Delivering a presentation is not as easy as it looks, however it’s something that you’ll find yourself doing throughout your life, whether it be in the classroom, or out in a meeting. Being able to present with confidence takes a lot of practice, and even people with years of experience still slip while presenting. When it comes to presenting, especially with a platform such as PowerPoint to help, there are a number of unwritten rules on how to keep it short yet effective.
Presentation “Rules” You May Follow
- 10-20-30 Rule A rule coined by Guy Kawasaki, the 10-20-30 rule is the rule of PowerPoint. This rule states that a PowerPoint slide should be no more than 10 slides, lasts no longer than 20 minutes and have no text that is less than 30 point font
- 15 Word Summary The title says it all. If you are able to summarise your idea into 15 words then you are good to go for a presentation. Speaking is one way of communication, however too much speaking can also become an inconvenience when it comes to presenting
- 20-20 Rule This rule is another one you can use as reference for a slideshow presentation. The 20-20 rule suggests that you should have 20 slides that lasts for 20 seconds each which would make you concise with your information and keep the audience interested
In delivering a presentation and ways to stand out, there are two factors; external and internal. By external factors, that includes your visual presentation and your surroundings. The internal factors are within yourself to improve your way of presenting, whether it be through speech or body language.
When it comes to presenting, what you deliver and how you deliver it through yourself is most important while external factors are the extras. You also have to keep in mind that in human communication, 20% is verbal and the remaining 80% is non-verbal.
Things to Consider
While preparing your presentation, there are a few things that you can consider in order for your presentation to be successful.
- The Objective Know the purpose of your presentation and what you and your audience will get out of it by the end. What key ideas do you want to convey to your audience and what do you want your audience to experience from your presentation.
- The Subject Know what you’re going to talk about and understand the subject you will be presenting. Be able to explain it in a short summary, but also detailed enough for those that don’t understand. The subject of the presentation will lead to the objective.
- The Audience The audience is one of the most important factors of a presentation. Before preparing your presentation, first consider your audience and their demographics so you are able to tailor your presentation to suit them. Make sure you know how to approach your audience with the subject you will present with.
- Visual Presentation With certain presentations, a visual representation is always a good idea as it allows the audience to have a visual of what they’re listening to. It also gives an easier way of understanding, especially for those who rely on visualisation over audio. There are various mediums that you can use to help with your visual presentation such as PowerPoint, flowcharts, diagrams and many more.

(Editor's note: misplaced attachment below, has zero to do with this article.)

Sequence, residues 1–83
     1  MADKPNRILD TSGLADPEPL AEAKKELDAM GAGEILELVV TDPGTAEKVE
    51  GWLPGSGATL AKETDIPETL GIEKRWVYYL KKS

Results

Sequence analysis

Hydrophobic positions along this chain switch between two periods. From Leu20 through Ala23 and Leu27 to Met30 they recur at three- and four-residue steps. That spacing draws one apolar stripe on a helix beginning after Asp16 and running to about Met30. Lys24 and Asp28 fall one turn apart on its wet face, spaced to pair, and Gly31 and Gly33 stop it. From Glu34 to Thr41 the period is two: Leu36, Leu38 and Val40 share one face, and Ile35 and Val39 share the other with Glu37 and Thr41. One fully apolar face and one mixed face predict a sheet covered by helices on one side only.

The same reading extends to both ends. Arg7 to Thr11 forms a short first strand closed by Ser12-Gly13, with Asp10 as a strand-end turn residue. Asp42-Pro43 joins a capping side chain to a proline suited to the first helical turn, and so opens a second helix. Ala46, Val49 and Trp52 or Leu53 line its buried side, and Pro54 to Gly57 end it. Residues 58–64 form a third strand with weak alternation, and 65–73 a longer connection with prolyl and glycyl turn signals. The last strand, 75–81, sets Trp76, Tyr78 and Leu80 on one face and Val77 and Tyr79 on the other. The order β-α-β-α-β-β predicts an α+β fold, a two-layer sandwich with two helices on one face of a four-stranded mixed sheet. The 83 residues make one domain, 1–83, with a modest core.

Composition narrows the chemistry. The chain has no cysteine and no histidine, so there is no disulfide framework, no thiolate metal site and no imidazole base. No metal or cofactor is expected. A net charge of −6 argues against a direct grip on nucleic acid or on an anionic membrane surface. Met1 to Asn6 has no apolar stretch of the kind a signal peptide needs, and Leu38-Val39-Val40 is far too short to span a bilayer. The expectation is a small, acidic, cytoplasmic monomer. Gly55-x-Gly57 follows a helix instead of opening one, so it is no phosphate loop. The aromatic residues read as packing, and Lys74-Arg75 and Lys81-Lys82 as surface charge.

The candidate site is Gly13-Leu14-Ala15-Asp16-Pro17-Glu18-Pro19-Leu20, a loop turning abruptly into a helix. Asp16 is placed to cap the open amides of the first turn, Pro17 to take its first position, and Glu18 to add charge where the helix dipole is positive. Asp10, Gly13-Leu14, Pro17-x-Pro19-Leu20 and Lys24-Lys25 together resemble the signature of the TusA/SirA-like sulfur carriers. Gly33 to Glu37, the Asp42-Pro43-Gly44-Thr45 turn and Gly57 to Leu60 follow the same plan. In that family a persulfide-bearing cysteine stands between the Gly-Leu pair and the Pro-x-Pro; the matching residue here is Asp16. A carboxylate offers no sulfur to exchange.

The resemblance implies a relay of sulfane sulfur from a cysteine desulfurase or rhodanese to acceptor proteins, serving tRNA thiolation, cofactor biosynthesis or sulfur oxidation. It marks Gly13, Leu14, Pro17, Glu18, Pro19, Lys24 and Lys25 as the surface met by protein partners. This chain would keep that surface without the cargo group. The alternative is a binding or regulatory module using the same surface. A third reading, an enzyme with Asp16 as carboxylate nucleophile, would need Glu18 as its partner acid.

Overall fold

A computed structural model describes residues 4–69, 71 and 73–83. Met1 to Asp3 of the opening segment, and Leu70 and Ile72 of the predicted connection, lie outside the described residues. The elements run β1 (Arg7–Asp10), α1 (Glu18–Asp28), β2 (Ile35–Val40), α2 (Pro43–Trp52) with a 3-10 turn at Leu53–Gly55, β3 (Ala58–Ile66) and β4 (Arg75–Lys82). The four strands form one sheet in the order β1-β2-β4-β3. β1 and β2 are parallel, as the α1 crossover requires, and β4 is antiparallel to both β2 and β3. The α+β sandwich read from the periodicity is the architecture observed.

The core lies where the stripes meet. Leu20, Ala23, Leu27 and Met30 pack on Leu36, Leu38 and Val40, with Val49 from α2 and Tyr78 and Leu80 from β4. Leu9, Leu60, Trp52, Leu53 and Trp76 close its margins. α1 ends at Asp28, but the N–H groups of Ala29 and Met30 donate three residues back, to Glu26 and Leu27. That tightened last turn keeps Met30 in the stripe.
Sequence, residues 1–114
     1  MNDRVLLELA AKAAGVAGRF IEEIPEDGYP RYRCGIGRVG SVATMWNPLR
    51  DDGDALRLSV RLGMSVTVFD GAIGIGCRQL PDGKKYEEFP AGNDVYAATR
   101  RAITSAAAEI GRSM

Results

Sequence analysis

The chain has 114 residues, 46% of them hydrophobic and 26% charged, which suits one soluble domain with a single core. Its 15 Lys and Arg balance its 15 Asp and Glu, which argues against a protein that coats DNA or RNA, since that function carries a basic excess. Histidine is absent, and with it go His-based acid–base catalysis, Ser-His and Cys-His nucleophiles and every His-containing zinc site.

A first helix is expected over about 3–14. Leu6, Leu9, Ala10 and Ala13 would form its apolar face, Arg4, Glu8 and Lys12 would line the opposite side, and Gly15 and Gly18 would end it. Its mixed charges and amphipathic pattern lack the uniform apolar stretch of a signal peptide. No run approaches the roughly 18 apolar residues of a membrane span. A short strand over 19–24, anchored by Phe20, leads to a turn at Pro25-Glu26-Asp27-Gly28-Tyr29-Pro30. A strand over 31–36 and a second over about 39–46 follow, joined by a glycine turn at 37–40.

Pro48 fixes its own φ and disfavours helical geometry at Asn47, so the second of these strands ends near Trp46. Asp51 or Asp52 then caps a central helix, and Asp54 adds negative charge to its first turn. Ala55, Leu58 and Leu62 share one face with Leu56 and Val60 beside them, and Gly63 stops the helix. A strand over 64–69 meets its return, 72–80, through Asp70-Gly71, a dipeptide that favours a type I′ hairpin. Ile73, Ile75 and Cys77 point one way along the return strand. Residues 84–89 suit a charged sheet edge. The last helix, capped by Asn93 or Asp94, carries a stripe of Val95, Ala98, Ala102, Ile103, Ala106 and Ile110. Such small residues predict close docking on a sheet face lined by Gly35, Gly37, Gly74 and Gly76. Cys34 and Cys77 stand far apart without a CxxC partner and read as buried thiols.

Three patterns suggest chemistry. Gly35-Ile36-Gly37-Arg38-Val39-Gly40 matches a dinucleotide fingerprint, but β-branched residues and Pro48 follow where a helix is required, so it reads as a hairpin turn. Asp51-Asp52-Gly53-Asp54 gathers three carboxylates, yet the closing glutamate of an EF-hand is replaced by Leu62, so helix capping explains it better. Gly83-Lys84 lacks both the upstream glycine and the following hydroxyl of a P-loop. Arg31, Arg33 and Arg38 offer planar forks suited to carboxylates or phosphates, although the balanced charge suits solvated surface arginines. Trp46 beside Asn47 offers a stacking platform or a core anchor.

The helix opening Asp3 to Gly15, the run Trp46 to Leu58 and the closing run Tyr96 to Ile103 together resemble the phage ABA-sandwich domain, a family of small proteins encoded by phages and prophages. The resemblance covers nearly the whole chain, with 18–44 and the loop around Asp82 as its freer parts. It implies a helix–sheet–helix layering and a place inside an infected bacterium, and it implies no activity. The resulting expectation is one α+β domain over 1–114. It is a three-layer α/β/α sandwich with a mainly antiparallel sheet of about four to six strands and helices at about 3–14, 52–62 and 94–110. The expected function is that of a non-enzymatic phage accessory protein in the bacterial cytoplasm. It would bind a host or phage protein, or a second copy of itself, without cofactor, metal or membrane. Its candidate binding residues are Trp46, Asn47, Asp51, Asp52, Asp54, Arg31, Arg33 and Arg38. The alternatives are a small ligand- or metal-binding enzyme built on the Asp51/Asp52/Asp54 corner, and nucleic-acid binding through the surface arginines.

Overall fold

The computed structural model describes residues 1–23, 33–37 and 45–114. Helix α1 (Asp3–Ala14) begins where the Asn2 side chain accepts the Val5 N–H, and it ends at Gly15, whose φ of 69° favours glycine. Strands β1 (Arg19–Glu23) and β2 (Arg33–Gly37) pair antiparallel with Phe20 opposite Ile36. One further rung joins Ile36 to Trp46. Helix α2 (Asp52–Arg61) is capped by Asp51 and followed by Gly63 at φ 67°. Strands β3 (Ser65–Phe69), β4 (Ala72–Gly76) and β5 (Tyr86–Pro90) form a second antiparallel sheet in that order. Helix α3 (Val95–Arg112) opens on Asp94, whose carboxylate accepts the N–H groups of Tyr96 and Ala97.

- Dress Appropriately A few ways to know what to wear for your presentation is to know your audience that you’ll be presenting to. You may also refer to the context of your presentation and consider key details. This may help you set limits to what you wear and decide what clothes would be deemed appropriate.
- One tip on how to dress is to try avoiding complicated patterns or bright colours. As a presenter, it is important to have your audience have their attention on your presentation and not your clothes. Also, don’t neglect comfort and wear something that you feel comfortable in.
- Adjust to Surroundings Adjusting to your surroundings would help you feel more at ease and comfortable with when you’ll be presenting. It is highly recommended that you come early for your presentation so you could acquaint yourself with the surroundings. Practice your presentation and know where to go to show the audience that you know your space well.
- Body Language Body language and how you present yourself is an important factor as the audience can see you express yourself and your words through your gestures and posture. To have confident body language leads to confident speech and the more you feel comfortable with yourself, the audience will sense it too and enjoy watching you present.
- Project Your Voice If you were a part of an audience, having a speaker present their ideas with an inaudible is the worse since you won’t be able to understand what they were trying to convey. Make sure your voice is able to be heard by everyone in the room in order for your message to be heard.
- Take Breaks While presenting, make sure to slow down, pause and take breaks. Never rush when doing a presentation, especially when talking as it demonstrates your nerves. Make sure to slow down your speech and pause for emphasis to your sentences.
- Presenting can also be tiring so make sure to take short breaks from time to time. These breaks and pauses would help you collect your thoughts to avoid adding fillers like ‘um’ and ‘ah’ in your speech.
- Do Not Read Reading shows that you are not confident with your topic and a clear sign that you don’t understand the message that you are trying to convey to the audience. The main reason for you reading your presentation would be lack of practice. If you understood your presentation, then it would be easy for you to explain it to the audience and with practice, you could gain that extra confidence for you to present.
- Eye contact is also a crucial factor of presenting and reading your presentation would become a huge barrier for you in doing so. Make sure to have eye contact with everyone in the room for a few seconds each as this would engage your audience with you and your presentation.